Many Americans cherish their constitutional right to bear arms. Gun rights are not absolute and can be lost. However, the loss of the right to possess, purchase, and transport a firearm does not necessarily have to be permanent. Our attorneys regularly represent clients before the central Virginia courts who wish to restore their firearm rights.The legal process to restore gun rights can sometimes be confusing and intimidating. Let us review your case. We can help!
Top Rated Central Virginia Law Firm to Restore Gun Rights
14:27 11 Oct 20
Riley and Wells should 100% be your go to law firm for representation!
Experienced Firearm Rights Attorneys will Petition the Virginia Courts
Riley & Wells Attorneys-At-Law is an established central Virginia area law firm over 45 years of combined legal experience. We understand firearm law. We wrote the Virginia Gun Law book. Our lawyers will review your case and determine how you lost your gun rights and what – if anything – can be done to successfully restore your firearm rights. Unfortunately, there are circumstances where there is no remedy.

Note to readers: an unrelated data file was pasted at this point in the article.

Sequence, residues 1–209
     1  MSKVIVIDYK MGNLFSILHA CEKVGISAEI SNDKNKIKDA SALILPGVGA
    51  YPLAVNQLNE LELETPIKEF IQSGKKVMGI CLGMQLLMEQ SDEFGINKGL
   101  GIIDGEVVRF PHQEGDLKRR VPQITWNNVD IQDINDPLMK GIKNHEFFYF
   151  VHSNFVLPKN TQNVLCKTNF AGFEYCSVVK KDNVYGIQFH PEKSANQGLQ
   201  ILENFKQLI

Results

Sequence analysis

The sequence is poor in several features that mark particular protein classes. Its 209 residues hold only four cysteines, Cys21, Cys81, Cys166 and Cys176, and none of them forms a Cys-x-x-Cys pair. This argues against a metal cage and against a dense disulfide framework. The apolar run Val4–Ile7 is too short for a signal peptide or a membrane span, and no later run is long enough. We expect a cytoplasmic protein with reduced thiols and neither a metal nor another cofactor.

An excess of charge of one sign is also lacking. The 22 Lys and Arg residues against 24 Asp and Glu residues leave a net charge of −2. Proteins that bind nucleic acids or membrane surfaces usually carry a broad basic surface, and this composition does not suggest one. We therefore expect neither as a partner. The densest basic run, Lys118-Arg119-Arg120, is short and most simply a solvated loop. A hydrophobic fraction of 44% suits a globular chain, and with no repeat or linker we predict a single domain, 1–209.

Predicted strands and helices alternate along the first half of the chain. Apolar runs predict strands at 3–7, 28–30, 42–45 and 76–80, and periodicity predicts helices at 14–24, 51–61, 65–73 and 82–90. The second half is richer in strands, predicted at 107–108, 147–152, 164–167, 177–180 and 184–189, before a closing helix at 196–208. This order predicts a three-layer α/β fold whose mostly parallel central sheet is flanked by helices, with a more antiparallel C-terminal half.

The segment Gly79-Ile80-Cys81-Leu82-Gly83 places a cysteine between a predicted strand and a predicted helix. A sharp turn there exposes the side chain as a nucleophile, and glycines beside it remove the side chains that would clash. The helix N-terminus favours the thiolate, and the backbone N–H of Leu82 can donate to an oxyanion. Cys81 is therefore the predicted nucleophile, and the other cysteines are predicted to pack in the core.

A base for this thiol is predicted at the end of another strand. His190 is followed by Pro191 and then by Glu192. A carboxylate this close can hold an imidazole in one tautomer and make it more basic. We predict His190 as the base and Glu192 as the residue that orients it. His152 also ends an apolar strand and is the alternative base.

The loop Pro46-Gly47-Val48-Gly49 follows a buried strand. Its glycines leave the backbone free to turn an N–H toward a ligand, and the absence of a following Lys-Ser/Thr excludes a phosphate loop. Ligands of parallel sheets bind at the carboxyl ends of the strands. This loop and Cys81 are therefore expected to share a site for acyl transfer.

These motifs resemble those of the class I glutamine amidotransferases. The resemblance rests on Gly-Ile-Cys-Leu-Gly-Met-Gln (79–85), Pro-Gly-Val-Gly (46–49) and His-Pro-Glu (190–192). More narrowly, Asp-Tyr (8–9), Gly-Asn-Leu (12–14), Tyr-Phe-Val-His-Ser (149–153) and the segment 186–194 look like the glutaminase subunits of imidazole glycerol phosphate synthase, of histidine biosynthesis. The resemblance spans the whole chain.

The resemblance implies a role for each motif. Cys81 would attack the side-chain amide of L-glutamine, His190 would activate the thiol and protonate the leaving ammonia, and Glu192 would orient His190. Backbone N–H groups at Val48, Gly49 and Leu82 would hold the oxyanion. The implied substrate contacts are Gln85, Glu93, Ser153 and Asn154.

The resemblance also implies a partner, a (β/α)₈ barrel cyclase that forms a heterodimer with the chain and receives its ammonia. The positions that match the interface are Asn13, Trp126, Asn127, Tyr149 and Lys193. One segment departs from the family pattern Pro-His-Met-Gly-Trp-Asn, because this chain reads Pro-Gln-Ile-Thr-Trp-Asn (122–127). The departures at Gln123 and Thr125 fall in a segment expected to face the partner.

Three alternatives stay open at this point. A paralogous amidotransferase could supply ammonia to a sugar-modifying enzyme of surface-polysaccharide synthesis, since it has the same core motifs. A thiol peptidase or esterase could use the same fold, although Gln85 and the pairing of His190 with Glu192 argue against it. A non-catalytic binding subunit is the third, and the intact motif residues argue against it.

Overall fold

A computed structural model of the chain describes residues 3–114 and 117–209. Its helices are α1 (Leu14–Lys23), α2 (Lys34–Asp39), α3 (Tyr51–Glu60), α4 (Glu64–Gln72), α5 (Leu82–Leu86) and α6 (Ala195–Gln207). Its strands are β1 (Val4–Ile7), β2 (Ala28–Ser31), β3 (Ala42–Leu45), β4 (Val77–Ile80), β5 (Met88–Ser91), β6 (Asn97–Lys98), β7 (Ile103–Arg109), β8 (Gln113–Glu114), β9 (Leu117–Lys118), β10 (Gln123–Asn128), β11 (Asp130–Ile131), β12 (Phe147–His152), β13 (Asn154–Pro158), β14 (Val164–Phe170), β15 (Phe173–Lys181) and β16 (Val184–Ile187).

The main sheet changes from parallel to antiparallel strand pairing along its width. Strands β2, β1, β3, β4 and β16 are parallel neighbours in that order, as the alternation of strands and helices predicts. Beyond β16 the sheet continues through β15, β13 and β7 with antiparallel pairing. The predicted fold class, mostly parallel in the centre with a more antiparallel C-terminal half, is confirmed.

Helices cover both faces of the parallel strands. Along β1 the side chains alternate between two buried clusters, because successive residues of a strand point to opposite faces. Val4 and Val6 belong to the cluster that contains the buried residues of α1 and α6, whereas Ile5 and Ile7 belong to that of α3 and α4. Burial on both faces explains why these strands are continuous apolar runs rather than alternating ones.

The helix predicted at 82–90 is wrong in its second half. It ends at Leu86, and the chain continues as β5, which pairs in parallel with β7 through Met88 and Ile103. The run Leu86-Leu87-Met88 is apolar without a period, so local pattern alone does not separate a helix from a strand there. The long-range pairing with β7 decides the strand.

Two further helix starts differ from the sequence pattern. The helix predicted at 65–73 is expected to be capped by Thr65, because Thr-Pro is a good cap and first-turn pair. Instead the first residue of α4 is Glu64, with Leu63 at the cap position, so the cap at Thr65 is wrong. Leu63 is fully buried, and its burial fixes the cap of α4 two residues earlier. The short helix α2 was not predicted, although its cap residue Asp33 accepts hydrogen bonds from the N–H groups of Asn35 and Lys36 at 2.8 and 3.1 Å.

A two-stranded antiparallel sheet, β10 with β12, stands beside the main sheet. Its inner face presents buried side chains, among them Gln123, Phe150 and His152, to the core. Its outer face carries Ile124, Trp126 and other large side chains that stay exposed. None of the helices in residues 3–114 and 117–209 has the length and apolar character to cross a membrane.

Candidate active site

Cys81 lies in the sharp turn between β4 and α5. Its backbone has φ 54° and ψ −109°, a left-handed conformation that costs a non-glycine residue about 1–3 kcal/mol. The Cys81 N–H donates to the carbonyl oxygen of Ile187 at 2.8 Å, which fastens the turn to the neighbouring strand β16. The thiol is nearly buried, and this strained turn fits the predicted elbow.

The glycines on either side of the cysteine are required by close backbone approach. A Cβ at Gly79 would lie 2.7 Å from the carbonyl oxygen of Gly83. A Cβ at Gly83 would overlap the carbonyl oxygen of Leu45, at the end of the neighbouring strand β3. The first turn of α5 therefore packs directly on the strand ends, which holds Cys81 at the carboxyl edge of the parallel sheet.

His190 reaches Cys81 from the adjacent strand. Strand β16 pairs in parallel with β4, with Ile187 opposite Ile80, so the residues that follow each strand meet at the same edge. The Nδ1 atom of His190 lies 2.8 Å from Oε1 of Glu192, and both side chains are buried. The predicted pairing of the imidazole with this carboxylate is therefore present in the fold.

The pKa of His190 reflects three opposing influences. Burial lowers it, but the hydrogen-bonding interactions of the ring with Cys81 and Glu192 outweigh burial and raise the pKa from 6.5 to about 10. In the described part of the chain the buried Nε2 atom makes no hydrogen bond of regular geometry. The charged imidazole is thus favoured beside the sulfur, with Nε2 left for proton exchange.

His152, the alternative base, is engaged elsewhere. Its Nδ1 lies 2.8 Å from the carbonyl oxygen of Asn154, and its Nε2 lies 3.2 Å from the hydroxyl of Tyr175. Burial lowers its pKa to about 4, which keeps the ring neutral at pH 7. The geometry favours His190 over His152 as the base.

Petition for Restoration of Firearm Rights for Central Virginia Cases
[Click on the below links to see Orders from some of our Gun Petitions that have been granted]
Petition the Virginia Circuit Court for Gun Restoration for Felony Convictions
A Virginia state felony conviction is a common type of event that triggers a loss of firearm rights. Our lawyers will review your case and petition the appropriate Virginia Circuit Court for firearm restoration if eligible. Clients must first restore their civil rights before a firearm rights petition can be filed. Cases involving a prior mental incapacity as defined by Virginia law require petitioning the General District Court. Firearm right restorations from other states are recognized as reciprocal.
Lost Firearm Rights Under Federal Law Essentially Have No Remedy
The federal agency tasked with processing federal firearm restorations for federal felony convictions has not been funded to perform this function since 1992. Individuals convicted of a Virginia domestic violence assault and battery misdemeanor conviction are barred from possessing a firearm according to federal law 18 USC(g)(9). This is the rare case where a state conviction triggers a loss of rights under federal law. In either case, the only remedy is a full and absolute pardon from the respective chief executive.